Rachel Corrie: Court Rules Israel Not At Fault For Death

by
staff
An Israeli court has ruled that the state of Israel was not at fault for the death of US activist Rachel Corrie, who was killed in the Gaza Strip by an Israeli army bulldozer in 2003.

Rachel Corrie: Court Rules Israel Not At Fault For Death

An Israeli court has ruled that the state of Israel was not at fault for the death of US activist Rachel Corrie, who was killed in the Gaza Strip by an Israeli army bulldozer in 2003.

Ms Corrie's family had brought a civil claim for negligence against the Israeli ministry of defence.

The judge said the 23-year-old's death was a "regrettable accident".

He said the state was not responsible for any "damages caused" as they had occurred during "war-time actions".

Judge Oded Gershon, presiding at the court in the town of Haifa, said Ms Corrie had been protecting terrorists in a designated combat zone.

He said the bulldozer driver had not seen her, adding the soldiers had done their utmost to keep people away from the site. "She [Corrie] did not distance herself from the area, as any thinking person would have done."

He ruled the state of Israel did not have to pay any damages. The Corries had requested a symbolic $1 in damages and legal expenses.

They had accused Israel of intentionally and unlawfully killing their daughter, and failing to conduct a full and credible investigation.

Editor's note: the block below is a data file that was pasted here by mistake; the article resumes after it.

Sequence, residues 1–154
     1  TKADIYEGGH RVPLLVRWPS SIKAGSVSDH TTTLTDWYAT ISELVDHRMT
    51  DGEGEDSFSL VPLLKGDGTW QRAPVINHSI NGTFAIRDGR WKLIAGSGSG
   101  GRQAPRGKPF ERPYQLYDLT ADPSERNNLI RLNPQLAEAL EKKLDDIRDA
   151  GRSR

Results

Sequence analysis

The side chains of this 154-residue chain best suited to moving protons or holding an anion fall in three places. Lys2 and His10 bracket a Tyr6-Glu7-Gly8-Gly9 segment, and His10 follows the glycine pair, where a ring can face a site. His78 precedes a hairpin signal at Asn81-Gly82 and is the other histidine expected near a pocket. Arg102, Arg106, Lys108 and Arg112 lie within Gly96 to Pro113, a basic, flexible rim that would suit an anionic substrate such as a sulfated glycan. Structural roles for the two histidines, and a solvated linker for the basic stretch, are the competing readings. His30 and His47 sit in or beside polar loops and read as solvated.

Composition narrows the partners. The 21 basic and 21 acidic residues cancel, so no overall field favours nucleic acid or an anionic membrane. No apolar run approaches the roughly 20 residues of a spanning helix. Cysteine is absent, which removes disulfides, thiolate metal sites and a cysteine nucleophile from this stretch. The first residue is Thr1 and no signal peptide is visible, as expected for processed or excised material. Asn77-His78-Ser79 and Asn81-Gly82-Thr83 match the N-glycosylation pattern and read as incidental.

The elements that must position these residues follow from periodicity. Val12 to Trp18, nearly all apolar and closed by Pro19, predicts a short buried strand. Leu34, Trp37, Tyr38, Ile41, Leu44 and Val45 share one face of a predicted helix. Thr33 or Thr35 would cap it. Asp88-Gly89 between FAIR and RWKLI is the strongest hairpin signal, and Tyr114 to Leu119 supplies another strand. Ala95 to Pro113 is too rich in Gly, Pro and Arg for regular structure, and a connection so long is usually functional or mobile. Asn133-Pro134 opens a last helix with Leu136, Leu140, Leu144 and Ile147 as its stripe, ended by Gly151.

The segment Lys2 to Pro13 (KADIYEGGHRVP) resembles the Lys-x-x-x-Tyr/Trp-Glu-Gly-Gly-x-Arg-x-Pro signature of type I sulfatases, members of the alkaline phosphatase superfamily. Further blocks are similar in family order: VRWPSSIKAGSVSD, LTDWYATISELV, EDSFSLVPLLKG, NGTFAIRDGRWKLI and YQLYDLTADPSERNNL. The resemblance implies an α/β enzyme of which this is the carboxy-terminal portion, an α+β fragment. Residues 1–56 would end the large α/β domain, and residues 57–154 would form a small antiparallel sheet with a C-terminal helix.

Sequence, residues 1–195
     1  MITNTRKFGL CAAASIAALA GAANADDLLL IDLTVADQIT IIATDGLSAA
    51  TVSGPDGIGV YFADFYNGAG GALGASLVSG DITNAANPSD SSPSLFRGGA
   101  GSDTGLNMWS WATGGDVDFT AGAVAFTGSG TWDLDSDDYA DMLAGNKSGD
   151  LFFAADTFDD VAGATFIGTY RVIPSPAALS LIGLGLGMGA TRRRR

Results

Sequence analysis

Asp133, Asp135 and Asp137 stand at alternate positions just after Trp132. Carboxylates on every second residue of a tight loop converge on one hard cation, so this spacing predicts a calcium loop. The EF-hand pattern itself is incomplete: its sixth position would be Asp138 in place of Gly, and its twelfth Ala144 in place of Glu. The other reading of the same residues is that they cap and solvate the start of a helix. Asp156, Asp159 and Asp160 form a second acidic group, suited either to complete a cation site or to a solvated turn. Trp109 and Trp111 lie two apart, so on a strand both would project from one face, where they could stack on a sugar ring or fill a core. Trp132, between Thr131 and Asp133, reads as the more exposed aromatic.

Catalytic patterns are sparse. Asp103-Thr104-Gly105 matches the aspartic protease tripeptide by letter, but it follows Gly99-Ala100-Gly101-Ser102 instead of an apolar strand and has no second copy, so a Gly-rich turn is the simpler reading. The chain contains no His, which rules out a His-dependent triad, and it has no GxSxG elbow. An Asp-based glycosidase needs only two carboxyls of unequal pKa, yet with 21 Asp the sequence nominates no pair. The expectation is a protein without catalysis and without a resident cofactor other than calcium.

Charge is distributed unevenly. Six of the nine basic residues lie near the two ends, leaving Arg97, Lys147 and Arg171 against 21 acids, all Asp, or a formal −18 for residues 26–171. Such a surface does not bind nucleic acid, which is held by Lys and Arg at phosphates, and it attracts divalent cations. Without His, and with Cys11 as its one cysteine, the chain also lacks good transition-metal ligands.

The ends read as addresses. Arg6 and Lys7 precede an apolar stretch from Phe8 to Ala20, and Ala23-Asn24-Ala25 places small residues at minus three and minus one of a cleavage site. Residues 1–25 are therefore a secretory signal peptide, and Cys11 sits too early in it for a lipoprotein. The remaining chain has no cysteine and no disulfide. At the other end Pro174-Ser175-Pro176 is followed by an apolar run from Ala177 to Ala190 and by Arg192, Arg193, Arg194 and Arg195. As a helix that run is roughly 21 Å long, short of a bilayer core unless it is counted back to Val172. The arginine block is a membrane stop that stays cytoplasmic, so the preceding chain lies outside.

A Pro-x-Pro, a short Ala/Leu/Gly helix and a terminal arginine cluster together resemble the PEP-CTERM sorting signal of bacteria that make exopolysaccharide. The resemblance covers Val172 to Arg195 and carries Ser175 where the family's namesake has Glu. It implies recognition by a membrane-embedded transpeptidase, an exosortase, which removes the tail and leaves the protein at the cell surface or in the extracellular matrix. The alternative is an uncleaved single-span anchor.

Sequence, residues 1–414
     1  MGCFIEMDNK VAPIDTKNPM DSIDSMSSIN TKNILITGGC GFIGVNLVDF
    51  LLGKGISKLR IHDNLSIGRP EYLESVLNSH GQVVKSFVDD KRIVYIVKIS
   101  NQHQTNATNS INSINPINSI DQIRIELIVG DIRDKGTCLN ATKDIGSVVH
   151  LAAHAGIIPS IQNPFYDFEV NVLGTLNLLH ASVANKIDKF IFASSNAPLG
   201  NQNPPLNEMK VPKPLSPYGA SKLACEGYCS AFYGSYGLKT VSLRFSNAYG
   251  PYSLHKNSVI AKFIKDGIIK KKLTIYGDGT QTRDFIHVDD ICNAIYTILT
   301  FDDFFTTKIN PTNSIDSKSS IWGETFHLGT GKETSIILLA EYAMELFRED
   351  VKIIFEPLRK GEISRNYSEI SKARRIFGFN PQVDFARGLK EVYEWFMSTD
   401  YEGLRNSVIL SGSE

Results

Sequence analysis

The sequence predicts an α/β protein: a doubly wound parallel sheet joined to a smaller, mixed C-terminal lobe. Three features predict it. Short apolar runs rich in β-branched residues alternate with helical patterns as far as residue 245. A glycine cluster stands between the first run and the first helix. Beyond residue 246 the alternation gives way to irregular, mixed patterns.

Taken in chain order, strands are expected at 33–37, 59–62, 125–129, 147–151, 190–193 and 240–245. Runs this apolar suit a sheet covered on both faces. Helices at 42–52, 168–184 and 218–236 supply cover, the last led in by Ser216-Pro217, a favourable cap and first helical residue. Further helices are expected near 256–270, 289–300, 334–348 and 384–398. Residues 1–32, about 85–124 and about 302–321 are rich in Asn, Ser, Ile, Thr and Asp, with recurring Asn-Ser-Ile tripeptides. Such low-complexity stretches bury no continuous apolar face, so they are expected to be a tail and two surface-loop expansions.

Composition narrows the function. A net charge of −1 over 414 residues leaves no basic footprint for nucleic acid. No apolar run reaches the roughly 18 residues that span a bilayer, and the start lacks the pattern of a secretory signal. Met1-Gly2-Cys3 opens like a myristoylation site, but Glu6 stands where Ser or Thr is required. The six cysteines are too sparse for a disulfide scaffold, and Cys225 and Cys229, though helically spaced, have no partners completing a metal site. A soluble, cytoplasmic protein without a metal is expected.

An Israeli army investigation in 2003 concluded its forces were not to blame for Ms Corrie's death.

Ms Corrie's parents, Cindy and Craig, who had once again made the long trip to Israel from the US to pursue their case, looked dejected after the ruling was read out, says the BBC's Jon Donnison in Haifa.

"I am hurt," Cindy Craig told reporters after the verdict was read.

The family's lawyer has said they will appeal against the ruling to Israel's supreme court.
Human shields

Ms Corrie was a committed peace activist even before her arrival in the Gaza Strip in 2002.

She arranged peace events in her home town in Washington State and became a volunteer for the pro-Palestinian International Solidarity Movement (ISM).

In 2003, Ms Corrie was in the town of Rafah in the southern Gaza Strip as part of a group of ISM protesters.

They were acting as human shields to try to stop the Israeli army demolishing Palestinian homes and clearing land around Rafah.

The Israeli army argued the area was being used by militants and that the protesters should not have been in a closed military zone.

The army's investigation found that Ms Corrie was not visible and that she was killed by debris falling on her.

But Ms Corrie's supporters say it is impossible that the bulldozer driver did not see her.

Pictures taken on the day Ms Corrie died show her in an orange high-visibility jacket carrying a megaphone and blocking the path of an Israeli military bulldozer.

A collection of Ms Corrie's writings was turned into a play - My Name Is Rachel Corrie - which has toured all over the world, including Israel and the Palestinian territories.

An aid ship intercepted by the Israeli military in 2010 while trying to break the blockade of Gaza was named after her.